A new study says much of Miami-Dade County will see the number of projected floods rise from 45 a year to 80 with a 10-inch rise in sea levels by 2030, and then accelerate to 380 instances of flooding a year by 2045.
The Union of Concerned Scientists (UCS) came up with the projections using new data compiled by the Army Corps of Engineers.
"In 2045, given normal variations in the tides, while some days would be flood-free, many days would see one or even two flood events—one with each high tide," UCS said in its report.
The findings jibe with another recent report from the University of Miami that since 2006, flooding in Miami Beach has soared 400% from high tides and 33% from rain.
The group created maps outlining their projections. Here's Miami Beach (the city's west side is lower-lying than its east):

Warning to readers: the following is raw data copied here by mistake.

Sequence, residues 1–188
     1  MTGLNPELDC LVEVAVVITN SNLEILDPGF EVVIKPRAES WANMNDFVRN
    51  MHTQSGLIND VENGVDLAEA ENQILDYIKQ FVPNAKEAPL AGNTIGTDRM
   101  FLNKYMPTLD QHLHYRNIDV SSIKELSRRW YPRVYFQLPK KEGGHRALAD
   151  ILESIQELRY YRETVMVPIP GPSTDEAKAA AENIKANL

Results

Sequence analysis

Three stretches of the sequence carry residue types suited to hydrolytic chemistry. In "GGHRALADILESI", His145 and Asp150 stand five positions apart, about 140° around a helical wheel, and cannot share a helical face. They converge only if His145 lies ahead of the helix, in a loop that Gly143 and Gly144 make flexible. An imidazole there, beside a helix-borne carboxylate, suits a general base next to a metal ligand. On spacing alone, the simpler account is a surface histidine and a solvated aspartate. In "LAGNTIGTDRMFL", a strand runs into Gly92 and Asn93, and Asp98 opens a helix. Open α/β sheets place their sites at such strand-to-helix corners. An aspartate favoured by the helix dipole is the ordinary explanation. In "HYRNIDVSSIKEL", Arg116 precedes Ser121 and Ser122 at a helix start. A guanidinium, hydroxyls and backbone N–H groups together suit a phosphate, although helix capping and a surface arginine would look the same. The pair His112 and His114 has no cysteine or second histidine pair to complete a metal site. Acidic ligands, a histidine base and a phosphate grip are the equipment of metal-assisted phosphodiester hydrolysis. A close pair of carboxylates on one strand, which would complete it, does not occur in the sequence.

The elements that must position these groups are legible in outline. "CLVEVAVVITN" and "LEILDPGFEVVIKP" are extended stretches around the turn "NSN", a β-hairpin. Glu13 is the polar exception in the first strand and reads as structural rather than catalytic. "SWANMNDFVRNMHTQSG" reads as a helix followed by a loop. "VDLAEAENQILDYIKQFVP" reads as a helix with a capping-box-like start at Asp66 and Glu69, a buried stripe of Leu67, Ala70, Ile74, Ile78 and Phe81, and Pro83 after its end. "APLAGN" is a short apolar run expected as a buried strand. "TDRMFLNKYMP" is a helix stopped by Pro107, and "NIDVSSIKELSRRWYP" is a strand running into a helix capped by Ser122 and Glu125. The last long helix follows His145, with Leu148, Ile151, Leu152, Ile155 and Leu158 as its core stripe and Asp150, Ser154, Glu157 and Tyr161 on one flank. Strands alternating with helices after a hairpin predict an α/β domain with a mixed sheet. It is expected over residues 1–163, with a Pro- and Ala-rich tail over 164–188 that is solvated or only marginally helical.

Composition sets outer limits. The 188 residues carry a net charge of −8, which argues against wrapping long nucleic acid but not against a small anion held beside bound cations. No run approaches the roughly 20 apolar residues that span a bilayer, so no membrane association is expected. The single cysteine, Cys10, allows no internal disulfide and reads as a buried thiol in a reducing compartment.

And here's a highlighted section of the north side of the city of Miami:
Last week, the National Oceanic and Atmospheric Administration released new flood maps that factor in population growth projections. They found that sea rise could force millions in Florida to adapt or flee. Previous estimates have projected $2.5 billion in real estate is at risk from sea level rise.
“In terms of sheer number of people living in harm’s way [South Florida] is way at the top basically,” Stetson University ecologist Jason Evans, one of three co-authors of the paper published in the journal Nature Climate Change, told the Miami Herald. “It just pops out.”
UCS calls on more state and federal support to support local investments already underway, though as I have reported, the former continues to ignore pleas from South Florida.
"Local action is not enough," UCS says.
Rob covers business, economics and the environment for Fusion. He previously worked at Business Insider. He grew up in Chicago.